A randomized experimental study to test the effects of discussing uncertainty during cancer genetic counseling: different strategies, different outcomes?

Niki M. Medendorp, Marij A. Hillen, Leonie N. C. Visser, Cora M. Aalfs, Floor A. M. Duijkers, Klaartje van Engelen, Margreet G. E. M. Ausems, Senno Verhoef, Anne M. Stiggelbout, Ellen M. A. Smets*

*Corresponding author for this work

Research output: Contribution to journalArticleAcademicpeer-review

Abstract

Uncertainty is increasingly discussed during genetic counseling due to innovative techniques, e.g., multigene panel testing. Discussions about uncertainty may impact counselees variably, depending on counselors’ communication styles. Ideally, the discussion of uncertainty enables counselees to cope with uncertainty and make well-informed decisions about testing. We examined the impact of how counselors convey uncertainty and address counselees’ uncertainty, and explored the role of individual characteristics. Therefore, a randomized controlled experiment using videos was conducted. Former counselees (N = 224) viewed one video depicting a genetic consultation about multigene panel testing. The extent of counselors’ communication of uncertainty (comprehensive vs. the essence) and their response to counselees’ uncertainty expressions (providing information vs. providing space for emotions vs. normalizing and counterbalancing uncertainty) were systematically manipulated. Individual characteristics, e.g., uncertainty tolerance, were assessed, as well as outcome variables (primary outcomes: feelings of uncertainty and information recall). No effects were found on primary outcomes. Participants were most satisfied when the essence was communicated, combined with providing information or providing space responses (p = 0.002). Comprehensive information resulted in less perceived steering toward testing (p = 0.005). Participants with lower uncertainty tolerance or higher trait anxiety were less confident about their understanding when receiving comprehensive information (p = 0.025). Participants seeking information experienced less uncertainty (p = 0.003), and trusted their counselor more (p = 0.028), when the counselor used information providing responses. In sum, the impact of discussing uncertainty primarily depends on individual characteristics. Practical guidelines should address how to tailor the discussion of uncertainty.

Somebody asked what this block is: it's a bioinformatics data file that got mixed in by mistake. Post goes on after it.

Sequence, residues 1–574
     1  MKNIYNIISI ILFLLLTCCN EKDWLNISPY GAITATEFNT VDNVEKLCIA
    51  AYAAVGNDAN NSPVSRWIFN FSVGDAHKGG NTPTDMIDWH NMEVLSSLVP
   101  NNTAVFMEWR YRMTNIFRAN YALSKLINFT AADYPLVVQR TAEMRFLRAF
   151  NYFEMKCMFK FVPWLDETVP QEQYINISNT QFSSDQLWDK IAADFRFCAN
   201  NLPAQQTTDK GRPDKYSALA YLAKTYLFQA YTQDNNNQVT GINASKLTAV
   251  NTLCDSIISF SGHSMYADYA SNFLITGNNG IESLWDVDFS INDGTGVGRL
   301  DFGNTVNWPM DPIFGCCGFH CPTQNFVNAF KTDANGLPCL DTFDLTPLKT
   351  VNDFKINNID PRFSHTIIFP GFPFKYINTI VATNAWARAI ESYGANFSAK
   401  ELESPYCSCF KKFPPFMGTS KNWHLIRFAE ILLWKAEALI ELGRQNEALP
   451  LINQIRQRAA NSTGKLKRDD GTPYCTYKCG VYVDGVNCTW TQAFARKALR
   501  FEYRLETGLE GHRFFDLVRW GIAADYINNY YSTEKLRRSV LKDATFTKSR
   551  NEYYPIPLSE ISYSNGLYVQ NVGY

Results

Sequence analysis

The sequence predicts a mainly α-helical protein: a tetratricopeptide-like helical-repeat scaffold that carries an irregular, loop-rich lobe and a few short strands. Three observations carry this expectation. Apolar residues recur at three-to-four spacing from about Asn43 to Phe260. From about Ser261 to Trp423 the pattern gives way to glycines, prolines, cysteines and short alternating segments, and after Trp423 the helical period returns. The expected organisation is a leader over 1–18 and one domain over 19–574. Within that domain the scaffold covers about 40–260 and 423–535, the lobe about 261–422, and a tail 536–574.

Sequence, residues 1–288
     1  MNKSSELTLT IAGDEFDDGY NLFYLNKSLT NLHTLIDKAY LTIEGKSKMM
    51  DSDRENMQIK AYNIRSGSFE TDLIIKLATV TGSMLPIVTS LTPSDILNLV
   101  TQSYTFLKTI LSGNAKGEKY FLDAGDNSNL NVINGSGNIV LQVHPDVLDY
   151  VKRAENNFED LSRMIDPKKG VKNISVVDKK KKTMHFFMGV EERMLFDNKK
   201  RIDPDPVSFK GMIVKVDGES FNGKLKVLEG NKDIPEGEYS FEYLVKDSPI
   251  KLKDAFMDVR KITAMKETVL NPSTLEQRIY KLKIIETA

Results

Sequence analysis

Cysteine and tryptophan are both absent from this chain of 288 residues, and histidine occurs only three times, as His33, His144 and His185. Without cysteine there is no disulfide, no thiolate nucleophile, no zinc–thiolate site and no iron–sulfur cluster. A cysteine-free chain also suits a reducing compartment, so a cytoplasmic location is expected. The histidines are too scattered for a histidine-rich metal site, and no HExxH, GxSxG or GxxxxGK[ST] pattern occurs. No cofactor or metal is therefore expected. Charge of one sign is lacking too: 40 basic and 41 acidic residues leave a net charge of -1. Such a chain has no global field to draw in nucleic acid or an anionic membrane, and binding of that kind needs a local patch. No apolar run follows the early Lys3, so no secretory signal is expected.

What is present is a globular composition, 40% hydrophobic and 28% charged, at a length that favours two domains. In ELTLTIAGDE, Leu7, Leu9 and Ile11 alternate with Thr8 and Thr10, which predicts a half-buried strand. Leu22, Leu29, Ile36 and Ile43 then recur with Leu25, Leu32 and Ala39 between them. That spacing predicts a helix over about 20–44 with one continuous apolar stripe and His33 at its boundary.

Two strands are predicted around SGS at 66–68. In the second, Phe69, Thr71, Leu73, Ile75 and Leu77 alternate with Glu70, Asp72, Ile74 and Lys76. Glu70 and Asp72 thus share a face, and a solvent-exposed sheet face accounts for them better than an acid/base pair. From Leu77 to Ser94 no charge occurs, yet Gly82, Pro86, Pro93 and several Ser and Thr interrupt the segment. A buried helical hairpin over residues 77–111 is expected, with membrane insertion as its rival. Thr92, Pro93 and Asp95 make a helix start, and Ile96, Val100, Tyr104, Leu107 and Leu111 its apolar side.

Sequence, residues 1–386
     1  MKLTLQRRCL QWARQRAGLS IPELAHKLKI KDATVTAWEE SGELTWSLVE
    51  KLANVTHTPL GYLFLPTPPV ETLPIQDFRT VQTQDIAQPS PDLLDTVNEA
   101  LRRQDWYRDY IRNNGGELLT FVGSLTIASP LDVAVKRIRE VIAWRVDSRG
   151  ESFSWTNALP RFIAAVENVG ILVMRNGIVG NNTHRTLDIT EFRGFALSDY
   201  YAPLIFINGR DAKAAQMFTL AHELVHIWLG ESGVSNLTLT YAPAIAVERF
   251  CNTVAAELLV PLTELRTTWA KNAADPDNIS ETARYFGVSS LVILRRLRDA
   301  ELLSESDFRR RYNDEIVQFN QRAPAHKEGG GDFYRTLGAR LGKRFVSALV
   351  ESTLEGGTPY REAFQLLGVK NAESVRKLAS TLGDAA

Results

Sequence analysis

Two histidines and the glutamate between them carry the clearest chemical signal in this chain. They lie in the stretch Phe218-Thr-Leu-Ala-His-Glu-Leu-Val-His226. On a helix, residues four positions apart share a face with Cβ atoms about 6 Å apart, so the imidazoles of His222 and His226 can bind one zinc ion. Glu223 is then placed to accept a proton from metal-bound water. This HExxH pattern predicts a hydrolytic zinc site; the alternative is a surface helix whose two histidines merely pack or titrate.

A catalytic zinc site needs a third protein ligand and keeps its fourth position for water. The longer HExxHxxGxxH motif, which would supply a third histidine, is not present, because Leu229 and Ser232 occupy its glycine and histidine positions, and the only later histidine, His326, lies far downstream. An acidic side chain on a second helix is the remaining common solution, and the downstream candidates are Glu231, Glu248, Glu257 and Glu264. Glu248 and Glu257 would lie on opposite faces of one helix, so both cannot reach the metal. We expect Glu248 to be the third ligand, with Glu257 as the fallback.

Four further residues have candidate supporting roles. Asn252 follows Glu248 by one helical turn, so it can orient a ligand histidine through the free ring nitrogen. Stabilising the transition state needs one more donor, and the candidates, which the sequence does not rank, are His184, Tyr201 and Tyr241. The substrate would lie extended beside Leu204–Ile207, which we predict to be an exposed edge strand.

Original languageEnglish
Pages (from-to)789-799
Number of pages11
JournalEuropean Journal of Human Genetics
Volume29
Issue number5
Early online date2021
DOIs
Publication statusPublished - May 2021

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